Environments 2023, 10(2), 20; https://doi.org/10.3390/environments10020020 - 27 Jan 2023
Cited by 1 | Viewed by 3092
Abstract
Nutrient runoff is a major water quality issue affecting water resources. Excess nutrients such as nitrate (NO3) and phosphate (PO43−) entering surface waters promote eutrophication. Recent research showed that floating treatment wetlands combined with slow-release lanthanum composites [...] Read more.
Nutrient runoff is a major water quality issue affecting water resources. Excess nutrients such as nitrate (NO3) and phosphate (PO43−) entering surface waters promote eutrophication. Recent research showed that floating treatment wetlands combined with slow-release lanthanum composites deployed through airlift pumps can reduce NO3 and PO43− concentrations, minimize algae and weeds, and increase dissolved oxygen concentrations. While water quality improves following this biological and chemical approach, questions remain about the toxicity and potential accumulation of lanthanum in lentic organisms. We addressed this concern by analyzing flesh and liver of fish exposed to the slow-release lanthanum following two years of treatment and compared results to fish harvested from a control, untreated pond. We also conducted an aquarium fish study that used higher lanthanum concentrations than those observed in the field. The field study confirmed that under the concentrations of lanthanum released to treat eutrophic ponds (109 µg L−1), no adverse effects were observed in harvested fish. We also observed no significant differences between lanthanum-exposed and -unexposed fish (α = 0.05) in our controlled tank study. Given the laboratory tank lanthanum concentrations were approximately nine times higher (916 µg L−1) than the observed field concentrations, we conclude the slow-release lanthanum composites used to treat eutrophic ponds are effective in improving water quality and do not lead to significant lanthanum accumulation in fish. Full article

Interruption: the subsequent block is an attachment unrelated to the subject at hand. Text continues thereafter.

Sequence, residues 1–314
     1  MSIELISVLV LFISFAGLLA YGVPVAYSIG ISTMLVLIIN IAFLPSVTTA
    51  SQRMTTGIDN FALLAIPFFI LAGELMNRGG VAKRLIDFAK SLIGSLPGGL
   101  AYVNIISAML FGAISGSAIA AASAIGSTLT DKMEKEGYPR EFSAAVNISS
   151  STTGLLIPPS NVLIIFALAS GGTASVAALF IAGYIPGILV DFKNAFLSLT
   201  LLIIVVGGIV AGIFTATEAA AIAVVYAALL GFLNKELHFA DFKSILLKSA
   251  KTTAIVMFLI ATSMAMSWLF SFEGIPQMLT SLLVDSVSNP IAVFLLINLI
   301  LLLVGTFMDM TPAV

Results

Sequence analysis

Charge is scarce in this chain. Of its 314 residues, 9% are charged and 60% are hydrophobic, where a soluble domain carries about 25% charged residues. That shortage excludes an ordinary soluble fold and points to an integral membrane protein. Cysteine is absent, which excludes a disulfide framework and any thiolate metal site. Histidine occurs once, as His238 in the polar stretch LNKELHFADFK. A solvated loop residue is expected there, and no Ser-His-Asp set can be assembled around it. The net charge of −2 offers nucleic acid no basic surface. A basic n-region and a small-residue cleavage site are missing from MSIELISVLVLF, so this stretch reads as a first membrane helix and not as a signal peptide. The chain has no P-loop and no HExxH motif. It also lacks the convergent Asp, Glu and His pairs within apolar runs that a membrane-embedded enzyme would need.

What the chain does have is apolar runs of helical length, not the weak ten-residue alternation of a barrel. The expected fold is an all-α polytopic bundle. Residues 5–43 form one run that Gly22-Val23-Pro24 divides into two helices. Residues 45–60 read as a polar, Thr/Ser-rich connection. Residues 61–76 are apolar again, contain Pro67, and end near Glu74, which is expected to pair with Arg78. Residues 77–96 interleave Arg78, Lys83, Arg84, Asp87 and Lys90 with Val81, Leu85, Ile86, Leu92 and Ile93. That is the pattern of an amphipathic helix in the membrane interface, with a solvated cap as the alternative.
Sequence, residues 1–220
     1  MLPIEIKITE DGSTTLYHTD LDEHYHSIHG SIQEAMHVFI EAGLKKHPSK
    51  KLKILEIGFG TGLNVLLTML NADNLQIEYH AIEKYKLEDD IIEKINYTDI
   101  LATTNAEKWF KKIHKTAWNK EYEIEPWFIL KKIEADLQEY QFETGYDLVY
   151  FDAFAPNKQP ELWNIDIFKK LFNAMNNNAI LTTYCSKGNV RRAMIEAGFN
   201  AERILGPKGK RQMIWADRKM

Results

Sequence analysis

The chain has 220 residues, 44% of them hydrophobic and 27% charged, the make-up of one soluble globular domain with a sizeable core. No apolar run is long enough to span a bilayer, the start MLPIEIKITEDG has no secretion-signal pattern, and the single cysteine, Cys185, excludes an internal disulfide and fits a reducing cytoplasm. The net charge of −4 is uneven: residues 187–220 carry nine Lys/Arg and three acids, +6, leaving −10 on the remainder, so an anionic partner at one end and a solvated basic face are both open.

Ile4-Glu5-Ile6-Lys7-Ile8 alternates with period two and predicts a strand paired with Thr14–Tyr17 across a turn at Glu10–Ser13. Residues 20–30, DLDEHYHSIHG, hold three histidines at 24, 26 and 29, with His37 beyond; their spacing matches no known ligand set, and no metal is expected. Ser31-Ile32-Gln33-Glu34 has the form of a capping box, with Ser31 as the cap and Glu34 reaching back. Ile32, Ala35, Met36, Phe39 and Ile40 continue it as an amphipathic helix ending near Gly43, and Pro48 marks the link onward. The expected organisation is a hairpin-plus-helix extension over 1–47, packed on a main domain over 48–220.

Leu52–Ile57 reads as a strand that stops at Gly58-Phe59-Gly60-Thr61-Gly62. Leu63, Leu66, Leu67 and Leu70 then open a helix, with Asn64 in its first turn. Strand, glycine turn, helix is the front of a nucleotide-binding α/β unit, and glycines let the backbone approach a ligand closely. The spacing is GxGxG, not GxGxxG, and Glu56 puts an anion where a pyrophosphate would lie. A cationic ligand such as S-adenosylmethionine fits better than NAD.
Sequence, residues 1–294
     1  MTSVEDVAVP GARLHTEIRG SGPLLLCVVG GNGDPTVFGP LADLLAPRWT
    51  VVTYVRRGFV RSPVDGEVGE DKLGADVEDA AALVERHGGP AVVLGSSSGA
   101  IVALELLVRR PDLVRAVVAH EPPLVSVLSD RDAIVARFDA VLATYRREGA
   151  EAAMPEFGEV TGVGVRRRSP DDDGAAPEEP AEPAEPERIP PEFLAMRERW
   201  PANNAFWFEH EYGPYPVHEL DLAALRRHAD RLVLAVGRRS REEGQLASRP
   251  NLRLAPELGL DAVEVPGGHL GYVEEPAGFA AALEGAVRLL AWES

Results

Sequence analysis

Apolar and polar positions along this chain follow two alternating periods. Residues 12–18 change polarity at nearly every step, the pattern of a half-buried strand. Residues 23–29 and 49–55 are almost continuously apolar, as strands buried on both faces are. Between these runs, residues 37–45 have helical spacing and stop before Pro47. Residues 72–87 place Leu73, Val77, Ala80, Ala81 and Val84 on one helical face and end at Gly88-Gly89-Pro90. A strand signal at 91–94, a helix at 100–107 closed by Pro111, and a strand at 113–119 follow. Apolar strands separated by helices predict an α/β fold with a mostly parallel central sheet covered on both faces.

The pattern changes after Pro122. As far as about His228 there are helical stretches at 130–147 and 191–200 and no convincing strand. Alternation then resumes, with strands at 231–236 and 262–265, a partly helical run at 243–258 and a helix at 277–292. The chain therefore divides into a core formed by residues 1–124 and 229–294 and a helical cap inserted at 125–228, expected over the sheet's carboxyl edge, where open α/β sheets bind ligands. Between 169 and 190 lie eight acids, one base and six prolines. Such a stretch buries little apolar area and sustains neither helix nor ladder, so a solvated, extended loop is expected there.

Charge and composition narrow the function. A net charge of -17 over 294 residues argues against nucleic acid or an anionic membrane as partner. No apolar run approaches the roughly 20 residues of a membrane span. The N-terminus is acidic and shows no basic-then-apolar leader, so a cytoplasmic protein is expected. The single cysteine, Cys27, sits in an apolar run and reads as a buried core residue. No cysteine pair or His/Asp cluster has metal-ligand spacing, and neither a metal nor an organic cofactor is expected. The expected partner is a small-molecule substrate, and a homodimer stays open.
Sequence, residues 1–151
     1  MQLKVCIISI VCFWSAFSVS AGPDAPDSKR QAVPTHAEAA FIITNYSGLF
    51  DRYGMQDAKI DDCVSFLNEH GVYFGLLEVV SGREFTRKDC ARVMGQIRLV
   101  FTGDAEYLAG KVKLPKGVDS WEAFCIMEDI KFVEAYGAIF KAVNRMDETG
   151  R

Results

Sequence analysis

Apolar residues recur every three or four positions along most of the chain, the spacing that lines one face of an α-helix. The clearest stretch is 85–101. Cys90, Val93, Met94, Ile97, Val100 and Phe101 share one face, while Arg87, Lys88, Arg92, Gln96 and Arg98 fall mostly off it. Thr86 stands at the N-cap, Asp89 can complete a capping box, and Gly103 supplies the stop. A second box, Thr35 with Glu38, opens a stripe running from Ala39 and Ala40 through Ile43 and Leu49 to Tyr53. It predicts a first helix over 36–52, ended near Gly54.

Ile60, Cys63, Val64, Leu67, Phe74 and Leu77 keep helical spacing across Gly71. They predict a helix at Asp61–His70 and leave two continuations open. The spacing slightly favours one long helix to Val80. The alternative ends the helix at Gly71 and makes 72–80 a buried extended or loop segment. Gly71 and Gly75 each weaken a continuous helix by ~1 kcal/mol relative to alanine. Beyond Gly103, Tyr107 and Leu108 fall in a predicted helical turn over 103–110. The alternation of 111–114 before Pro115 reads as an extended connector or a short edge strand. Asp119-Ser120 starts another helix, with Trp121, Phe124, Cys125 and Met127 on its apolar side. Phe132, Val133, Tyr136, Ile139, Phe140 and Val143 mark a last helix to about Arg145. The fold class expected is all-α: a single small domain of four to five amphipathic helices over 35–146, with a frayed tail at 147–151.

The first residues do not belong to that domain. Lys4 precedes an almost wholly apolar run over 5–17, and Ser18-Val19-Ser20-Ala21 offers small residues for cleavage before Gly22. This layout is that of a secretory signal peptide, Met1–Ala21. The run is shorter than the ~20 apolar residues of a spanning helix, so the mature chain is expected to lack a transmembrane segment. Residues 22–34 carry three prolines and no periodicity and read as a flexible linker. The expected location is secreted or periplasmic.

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13 pages, 3109 KiB  
Article
Application of Pb Isotopes and REY Patterns in Tracing Heavy Metals in Farmland Soils from the Upper-Middle Area of Yangtze River
Int. J. Environ. Res. Public Health 2023, 20(2), 966; https://doi.org/10.3390/ijerph20020966 - 05 Jan 2023
Cited by 1 | Viewed by 1081
Abstract
Farmland heavy metal pollution—caused by both human activity and natural processes—is a major global issue. In the current study, principal component analysis (PCA), cluster analysis (CA), rare earth elements and yttrium (REY) analysis, and isotope fingerprinting were combined to identify sources of heavy [...] Read more.
Farmland heavy metal pollution—caused by both human activity and natural processes—is a major global issue. In the current study, principal component analysis (PCA), cluster analysis (CA), rare earth elements and yttrium (REY) analysis, and isotope fingerprinting were combined to identify sources of heavy metal pollution in soil from different farmland types in the upper-middle area of the Yangtze River. The concentrations of Zn and Cu were found to be higher in the vegetable base and tea plantation soil compared with their concentrations in the orangery soil. On the other hand, greater accumulation of Cd and Pb was observed in the orangery soil versus the vegetable base and tea plantation soils. Influenced by the type of bedrock, REY was significantly enriched in the orangery soil and depleted in the vegetable base soil, as compared with the tea plantation soil. The Pb isotopic compositions of the tea plantation (1.173–1.193 for 206Pb/207Pb and 2.070–2.110 for 208Pb/206Pb) and vegetable base (1.181–1.217 for 206Pb/207Pb and 2.052–2.116 for 208Pb/206Pb) soils were comparable to those of coal combustion soil. The compositions of 206Pb/207Pb (1.149–1.170) and 208Pb/206Pb (2.121–2.143) in the orangery soil fell between those observed in soils obtained from coal combustion and ore smelting sites. Using the IsoSource model, the atmospheric Pb contributions of the vegetable base, tea plantation, and orangery soils were calculated to be 66.6%, 90.1%, and 82.0%, respectively, and the bedrock contributions of Pb were calculated to be 33.3%, 9.90%, and 18.1%, respectively. Based on the PCA, CA, and REY results, as well as the Pb isotope model, it appears that heavy metals in the orangery soil may be derived from atmospheric deposition and bedrock weathering, while heavy metals in the vegetable base and tea plantation soils may be derived from mining and the use of fertilizer. Full article